Wednesday, September 06, 2006
Stem Cells and Cloning
Recently the issue of whether Australia should allow therapeutic cloning for embryonic stem cell research has been much in the news. The Federal Health Minister, Tony Abbott, is an orthodox Roman Catholic who strongly opposes such legal permission. Prime Minister John Howard, while probably personally opposed, has decided to allow a “conscience vote” on this issue rather than continuing to make opposition to the research the official policy of his Government. In all likelihood this will lead to the “green light” being given to therapeutic cloning and associated embryonic stem cell research, despite the vehement objections of the Health Minister.
Those of us opposed to this research point out that creating human beings to use as research material for the benefit of others is immoral because it is opposed to human dignity and the right to life. The response of those who support harvesting cloned embryos for medical research is that these embryos are simply not human beings, any more than a sperm or an egg. They are just a lump of cells that could theoretically, but not in practice, become a human being.
What are the arguments for using embryos in this way and against our objections based on the right-to-life? I will give the arguments in quotation marks as summaries, without implying they are in fact direct quotations, and then respond to each.
“Many diseases could be cured using embryonic stem cells.” Maybe, maybe not. Nobody can be certain either way, but it is true that embryonic stem cells have greater “potential” than non-embryonic stem cells, precisely because they are what biologists call “totipotent” rather than merely “pluripotent”. That is, they can become any and all other sorts of cell. Nevertheless, if we cannot get them without creating and destroying human lives, then the fact that other lives would be lengthened cannot justify the action, as we will see below. One human should never be made to be an expendable source of healthy flesh for another.
“This is a conflict between religion and science. In such a conflict, religion must always give way to the facts. Anyway, you have no right to impose your religious beliefs on society. If you think that such research is murder, you can just choose not to take advantage of it and leave the rest of us to do so!” Actually, this is not a conflict between religion and science. Firstly, all science can do is tell us what physical processes would be involved in the procedure and then predict possible or probable applications and insights. Science, properly speaking, cannot tell us whether the means to those ends is moral (see below) or even what “value” the ends have. Secondly, not all those opposing the research are religious, and even those who are religious do not believe the problems with therapeutic cloning are something esoteric or merely “impious”, they believe the problems with it extend to issues of human life and death and that the arguments against it are based on universally applicable moral principles, not simply divine revelation. It is not a matter of imposing religious beliefs, but of standing up for basic human decency and what philosophers used to call Natural Law. Nor is it a matter of trying to eliminate in others offences to our sensibilities, but of trying to defend the most vulnerable human beings from being harvested and killed.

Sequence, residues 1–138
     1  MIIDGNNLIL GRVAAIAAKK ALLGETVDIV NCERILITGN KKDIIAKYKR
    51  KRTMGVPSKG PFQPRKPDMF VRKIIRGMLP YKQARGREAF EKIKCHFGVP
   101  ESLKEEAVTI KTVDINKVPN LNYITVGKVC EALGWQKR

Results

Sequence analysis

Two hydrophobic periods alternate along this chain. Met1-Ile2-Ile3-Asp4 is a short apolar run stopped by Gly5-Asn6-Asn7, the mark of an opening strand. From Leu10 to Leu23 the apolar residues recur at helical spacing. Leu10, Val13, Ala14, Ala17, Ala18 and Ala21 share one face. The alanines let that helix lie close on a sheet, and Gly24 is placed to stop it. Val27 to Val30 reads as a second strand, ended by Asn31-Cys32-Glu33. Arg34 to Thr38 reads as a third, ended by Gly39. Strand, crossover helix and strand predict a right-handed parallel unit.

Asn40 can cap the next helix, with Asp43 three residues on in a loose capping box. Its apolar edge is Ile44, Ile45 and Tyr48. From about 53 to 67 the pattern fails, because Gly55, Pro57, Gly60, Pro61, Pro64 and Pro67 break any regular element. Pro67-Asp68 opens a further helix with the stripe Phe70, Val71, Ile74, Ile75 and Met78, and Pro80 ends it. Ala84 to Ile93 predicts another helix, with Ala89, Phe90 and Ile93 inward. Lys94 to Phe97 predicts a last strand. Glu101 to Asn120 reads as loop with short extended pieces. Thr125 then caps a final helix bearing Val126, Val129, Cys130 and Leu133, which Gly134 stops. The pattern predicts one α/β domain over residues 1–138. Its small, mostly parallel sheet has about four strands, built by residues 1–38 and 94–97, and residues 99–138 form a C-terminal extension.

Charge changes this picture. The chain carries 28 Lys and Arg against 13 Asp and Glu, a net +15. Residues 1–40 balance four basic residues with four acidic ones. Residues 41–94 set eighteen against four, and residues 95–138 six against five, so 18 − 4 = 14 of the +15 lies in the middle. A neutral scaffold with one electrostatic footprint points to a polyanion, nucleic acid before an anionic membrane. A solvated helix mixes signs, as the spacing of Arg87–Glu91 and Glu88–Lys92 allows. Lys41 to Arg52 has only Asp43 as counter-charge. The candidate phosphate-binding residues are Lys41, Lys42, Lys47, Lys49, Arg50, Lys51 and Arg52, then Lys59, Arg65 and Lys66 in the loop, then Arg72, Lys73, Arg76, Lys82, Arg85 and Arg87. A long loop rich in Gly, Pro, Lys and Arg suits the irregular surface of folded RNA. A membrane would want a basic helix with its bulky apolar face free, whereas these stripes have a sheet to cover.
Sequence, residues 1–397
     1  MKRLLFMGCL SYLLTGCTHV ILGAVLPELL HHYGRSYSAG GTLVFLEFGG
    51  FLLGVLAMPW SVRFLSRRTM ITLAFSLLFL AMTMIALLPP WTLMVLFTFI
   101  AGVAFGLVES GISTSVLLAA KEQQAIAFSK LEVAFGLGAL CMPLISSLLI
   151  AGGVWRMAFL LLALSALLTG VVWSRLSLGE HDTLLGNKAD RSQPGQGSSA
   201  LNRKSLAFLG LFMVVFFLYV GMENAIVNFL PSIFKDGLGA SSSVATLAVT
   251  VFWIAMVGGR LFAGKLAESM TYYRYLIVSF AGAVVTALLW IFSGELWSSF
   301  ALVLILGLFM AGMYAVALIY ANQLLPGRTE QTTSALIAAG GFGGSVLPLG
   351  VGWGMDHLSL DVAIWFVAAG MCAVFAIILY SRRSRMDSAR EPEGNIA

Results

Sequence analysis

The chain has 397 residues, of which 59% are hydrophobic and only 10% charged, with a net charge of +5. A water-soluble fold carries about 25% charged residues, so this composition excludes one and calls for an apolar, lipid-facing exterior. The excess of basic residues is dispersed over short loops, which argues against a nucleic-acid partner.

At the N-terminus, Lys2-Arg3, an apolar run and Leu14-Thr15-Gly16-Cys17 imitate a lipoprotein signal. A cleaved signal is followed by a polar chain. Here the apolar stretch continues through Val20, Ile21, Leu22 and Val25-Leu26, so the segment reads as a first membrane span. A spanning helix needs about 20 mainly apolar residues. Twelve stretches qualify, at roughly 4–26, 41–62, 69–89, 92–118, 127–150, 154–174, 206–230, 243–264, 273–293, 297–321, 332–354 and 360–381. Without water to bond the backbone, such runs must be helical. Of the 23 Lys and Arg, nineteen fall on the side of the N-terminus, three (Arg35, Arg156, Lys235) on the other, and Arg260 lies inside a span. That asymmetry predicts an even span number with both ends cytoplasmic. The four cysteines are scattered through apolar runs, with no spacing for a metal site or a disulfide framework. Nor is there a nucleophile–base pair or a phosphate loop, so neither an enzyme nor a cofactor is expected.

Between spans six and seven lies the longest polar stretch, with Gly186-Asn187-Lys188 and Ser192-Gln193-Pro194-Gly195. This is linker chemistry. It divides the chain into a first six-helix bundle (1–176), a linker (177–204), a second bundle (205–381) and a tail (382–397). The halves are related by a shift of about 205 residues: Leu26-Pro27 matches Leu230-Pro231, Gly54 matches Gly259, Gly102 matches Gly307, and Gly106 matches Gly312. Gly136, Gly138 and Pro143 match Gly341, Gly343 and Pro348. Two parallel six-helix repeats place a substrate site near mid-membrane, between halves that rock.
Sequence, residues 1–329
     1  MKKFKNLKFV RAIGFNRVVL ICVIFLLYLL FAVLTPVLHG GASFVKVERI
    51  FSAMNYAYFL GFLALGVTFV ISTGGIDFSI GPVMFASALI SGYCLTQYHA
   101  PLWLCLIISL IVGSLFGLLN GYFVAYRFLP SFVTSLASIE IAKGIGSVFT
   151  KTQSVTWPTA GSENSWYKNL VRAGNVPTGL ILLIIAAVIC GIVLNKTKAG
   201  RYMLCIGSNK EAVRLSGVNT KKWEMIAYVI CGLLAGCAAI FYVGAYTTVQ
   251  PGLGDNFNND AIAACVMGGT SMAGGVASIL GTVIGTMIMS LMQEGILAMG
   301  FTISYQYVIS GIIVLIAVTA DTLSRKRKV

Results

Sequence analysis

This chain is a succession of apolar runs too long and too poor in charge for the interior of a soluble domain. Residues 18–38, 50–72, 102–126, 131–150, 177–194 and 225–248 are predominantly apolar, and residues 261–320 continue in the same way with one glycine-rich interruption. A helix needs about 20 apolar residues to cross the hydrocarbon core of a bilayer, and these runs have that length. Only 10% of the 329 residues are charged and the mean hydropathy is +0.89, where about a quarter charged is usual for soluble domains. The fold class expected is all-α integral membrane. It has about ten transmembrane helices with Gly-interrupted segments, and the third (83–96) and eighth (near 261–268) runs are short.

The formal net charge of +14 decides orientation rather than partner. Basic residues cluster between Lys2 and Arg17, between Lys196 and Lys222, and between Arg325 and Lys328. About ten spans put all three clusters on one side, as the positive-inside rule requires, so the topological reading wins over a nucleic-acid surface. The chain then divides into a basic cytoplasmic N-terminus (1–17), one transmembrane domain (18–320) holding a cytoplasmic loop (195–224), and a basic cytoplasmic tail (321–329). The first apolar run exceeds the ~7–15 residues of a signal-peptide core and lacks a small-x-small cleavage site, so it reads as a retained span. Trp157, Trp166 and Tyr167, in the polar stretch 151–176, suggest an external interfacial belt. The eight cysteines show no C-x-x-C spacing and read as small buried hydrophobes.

“Once the benefits were known and fully understood, all opposition would cease, as it has to previous medical advances once distrusted.” There are three errors here, one a moral idiocy, one historical misrepresentation, and the other false analogy. The idea that knowledge of the benefits of a particular action must inevitably lead to reasonable people accepting that action as undeniably morally licit is absurd. It ignores the fact that there may be costs as well as benefits that are relevant to ethical judgement, and it rides roughshod over the fundamental question of whether the ends must always justify the means. As for the supposed precedents for once-opposed medical treatments eventually overcoming that opposition by their very success, they do not prove what they are purported to. The example of anaesthetic, which was opposed at first by a number of church-goers (and many physicians!) is not analogous to the present situation. There was no official or binding Church teaching on that matter, only the musings of individuals, as the sanctity of life itself was not at stake. In addition, other medical procedures which have had some success, such as In Vitro Fertilisation, have had the Church’s and others’ opposition remain consistent, precisely because the right to life was involved, given the regular creation and destruction of “surplus” embryos in this treatment.
“Whatever the status of the embryo or blastocyte in narrowly scientific terms, its moral significance is minimal because it cannot perform any of the mental or physical functions or consciously experience any of the sensations or feelings of a properly developed human being. It is human only in a technical sense, it is not a human person.” Here we come to the crux of the matter. The only way we can justify using incipient humans as experimental material is by understanding “true humanity” purely and solely in terms of present functionality and awareness. Intertwined with this justification is the belief that the only real evil is pain and the only real good conscious pleasure. Thus, it is asserted, the fact that killing the embryo causes it no pain and harvesting its cells may reduce suffering in others is amply sufficient reason to do it.